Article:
4. Main Body
The main body is what makes or breaks an email. It should have a clear purpose — in your case, to make the employer consider you a good candidate for the job.
Also, it must be straightforward and concise. That way, the employer will actually read what you have written, instead of skimming through your email. Plus, the detailed information is in your resume, so there is no need to repeat yourself.
Instead, try to boil down the information you’d like to include to a few sentences only. Nobody wants to receive a chapter of a book called “Hire Me.”
However, make the few lines you do write count. Do you have any experience in the field? What are your qualifications? What value will you bring to the company you’re applying to? Those are some of the questions you need to answer.
Remember, job applications are “self-advertisements” in a sense. So forget about modesty and get to the point quickly before you lose the employer’s interest.
The closing paragraph should call to action. You want the employer to take a look at your resume, so tell them!
Here’s a sample that might help: “For more details on my background as a …, please take a moment to review my enclosed resume. I believe I would be a great asset to your company, and I am looking forward to speaking with you at your earliest convenience.”
On a side note, here’s a pro tip: refrain from using fragments in your email, i.e., sentences with no subject. Just like contracted forms, incomplete sentences are not considered formal, so they will not leave a good impression.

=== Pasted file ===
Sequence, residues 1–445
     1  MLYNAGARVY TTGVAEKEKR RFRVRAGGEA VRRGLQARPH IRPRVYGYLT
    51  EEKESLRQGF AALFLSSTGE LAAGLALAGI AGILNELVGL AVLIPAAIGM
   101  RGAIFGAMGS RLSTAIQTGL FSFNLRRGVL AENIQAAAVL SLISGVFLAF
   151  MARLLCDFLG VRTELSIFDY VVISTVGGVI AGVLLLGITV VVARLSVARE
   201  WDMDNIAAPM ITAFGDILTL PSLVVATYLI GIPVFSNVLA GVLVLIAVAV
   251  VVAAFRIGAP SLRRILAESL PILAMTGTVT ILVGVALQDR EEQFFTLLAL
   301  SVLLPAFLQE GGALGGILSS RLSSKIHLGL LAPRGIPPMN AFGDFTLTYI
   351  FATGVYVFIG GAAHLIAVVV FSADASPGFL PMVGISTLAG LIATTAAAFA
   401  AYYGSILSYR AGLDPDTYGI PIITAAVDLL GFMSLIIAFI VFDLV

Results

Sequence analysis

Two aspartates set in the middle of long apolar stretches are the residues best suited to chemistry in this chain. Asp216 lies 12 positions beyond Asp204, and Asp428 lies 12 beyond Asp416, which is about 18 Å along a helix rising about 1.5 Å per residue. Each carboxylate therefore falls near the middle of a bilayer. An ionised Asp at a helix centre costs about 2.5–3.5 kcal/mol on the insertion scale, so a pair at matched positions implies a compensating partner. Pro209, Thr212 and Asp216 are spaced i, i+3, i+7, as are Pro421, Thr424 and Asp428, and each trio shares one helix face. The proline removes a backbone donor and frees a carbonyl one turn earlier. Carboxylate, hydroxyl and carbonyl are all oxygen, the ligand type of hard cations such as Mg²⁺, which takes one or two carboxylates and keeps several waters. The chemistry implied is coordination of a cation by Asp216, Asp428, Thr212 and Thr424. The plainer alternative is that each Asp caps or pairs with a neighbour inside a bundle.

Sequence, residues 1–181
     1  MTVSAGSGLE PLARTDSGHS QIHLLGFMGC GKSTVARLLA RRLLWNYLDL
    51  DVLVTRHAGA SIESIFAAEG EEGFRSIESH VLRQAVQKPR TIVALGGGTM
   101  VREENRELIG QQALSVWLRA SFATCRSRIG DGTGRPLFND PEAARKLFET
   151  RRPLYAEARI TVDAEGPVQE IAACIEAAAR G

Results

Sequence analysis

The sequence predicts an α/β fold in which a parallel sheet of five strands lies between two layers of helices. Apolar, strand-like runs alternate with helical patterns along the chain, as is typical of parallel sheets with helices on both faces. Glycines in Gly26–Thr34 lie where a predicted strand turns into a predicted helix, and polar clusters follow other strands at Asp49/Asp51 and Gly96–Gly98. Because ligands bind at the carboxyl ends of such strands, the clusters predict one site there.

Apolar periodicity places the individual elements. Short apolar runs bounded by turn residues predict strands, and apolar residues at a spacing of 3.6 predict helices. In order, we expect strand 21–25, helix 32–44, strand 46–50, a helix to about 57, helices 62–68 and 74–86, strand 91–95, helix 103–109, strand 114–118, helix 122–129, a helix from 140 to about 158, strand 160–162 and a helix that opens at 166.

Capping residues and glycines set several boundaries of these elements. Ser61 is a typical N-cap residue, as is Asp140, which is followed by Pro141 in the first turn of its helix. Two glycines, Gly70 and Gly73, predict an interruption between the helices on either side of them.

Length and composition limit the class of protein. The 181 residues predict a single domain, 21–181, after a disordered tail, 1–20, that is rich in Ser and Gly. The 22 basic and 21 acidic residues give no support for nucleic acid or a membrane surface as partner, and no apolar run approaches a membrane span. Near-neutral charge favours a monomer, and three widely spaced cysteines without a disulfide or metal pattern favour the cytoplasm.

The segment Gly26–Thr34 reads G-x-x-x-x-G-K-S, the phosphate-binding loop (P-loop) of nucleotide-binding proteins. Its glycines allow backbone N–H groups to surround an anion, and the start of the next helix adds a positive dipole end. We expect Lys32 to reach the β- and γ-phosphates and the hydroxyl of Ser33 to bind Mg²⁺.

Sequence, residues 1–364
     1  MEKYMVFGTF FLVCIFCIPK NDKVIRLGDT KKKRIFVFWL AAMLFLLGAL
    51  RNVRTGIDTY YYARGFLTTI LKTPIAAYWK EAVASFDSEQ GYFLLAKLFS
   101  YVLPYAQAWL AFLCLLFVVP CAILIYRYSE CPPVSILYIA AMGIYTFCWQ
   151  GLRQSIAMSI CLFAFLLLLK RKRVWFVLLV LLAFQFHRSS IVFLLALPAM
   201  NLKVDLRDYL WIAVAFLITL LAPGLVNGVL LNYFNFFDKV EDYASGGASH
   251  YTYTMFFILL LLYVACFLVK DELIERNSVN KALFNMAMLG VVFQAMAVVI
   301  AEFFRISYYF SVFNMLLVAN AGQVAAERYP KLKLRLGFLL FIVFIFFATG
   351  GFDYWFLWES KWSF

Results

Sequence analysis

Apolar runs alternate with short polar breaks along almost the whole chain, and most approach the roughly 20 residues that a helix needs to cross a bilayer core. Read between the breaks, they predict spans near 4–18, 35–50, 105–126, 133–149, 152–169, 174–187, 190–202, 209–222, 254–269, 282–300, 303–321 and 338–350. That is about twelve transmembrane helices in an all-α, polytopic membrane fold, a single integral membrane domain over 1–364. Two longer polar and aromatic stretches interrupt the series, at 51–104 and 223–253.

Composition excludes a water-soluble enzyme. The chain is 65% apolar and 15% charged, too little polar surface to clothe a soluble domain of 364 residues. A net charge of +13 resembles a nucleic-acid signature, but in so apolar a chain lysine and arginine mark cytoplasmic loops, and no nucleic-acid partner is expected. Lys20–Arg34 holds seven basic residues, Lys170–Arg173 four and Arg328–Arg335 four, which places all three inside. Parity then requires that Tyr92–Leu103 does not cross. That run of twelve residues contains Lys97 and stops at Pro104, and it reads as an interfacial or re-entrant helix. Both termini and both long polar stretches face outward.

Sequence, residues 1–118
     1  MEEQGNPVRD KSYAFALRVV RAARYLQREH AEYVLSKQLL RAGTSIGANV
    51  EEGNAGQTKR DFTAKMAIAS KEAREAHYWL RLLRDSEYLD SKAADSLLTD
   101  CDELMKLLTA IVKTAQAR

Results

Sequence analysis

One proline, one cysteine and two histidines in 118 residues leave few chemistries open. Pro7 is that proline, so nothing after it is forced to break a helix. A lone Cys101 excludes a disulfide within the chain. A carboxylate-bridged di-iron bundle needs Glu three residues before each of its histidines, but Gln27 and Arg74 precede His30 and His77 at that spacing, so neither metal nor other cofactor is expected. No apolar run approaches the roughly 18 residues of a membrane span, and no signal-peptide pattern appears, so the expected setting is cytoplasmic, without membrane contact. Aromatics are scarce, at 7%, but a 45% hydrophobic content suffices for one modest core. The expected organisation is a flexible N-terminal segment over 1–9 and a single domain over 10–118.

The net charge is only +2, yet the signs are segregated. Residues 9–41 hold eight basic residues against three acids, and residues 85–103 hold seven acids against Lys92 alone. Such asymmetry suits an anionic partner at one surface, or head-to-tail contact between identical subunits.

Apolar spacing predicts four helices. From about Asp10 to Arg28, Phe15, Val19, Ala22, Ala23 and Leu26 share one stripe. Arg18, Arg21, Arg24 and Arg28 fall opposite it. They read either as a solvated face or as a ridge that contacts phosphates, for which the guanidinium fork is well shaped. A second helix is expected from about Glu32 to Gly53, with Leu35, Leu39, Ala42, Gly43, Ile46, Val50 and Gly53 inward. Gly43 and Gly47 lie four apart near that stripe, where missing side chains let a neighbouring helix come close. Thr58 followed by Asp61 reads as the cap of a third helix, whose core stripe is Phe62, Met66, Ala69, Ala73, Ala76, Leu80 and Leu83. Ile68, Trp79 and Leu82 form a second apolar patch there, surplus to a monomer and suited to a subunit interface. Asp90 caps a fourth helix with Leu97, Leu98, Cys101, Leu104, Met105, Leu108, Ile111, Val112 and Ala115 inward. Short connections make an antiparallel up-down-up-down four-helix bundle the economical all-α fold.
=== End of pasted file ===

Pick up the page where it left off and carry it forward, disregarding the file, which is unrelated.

If you go back to my example, you’ll see that instead of “Looking forward to speaking with you …,” I have written, “I am looking forward to speaking with you …” Keep that in mind when writing your email.
End your email with a friendly, yet respectful closing. Some of the most common endings are:
• Kind regards, Your Full Name
• Best regards, Your Full Name
• Sincerely, Your Full Name
That should answer the question of what to write in an email when sending a resume. Just make sure to follow the structure I’ve outlined, and you’ll have a much higher chance of succeeding. And remember — the devil is in the detail, so always double-check for typos and punctuation errors.
And speaking of details, make sure you use a proper name for the file of your resume. The last thing you want is to send your employer an attachment called res.for.job.#4.pdf (unless you want to apply for a fifth one…). So, use something like yourname_resume.pdf instead.
The email is the last step of the job application process. As such, however, it has to be as good as everything else. Therefore, put some thought into it and keep it clean and concise. That way, the first impression you leave is going to be of a competent individual who knows what they want.
I hope my article has answered the question of what to write in an email when sending a resume. Now you can confidently apply for the position you desire. Good luck!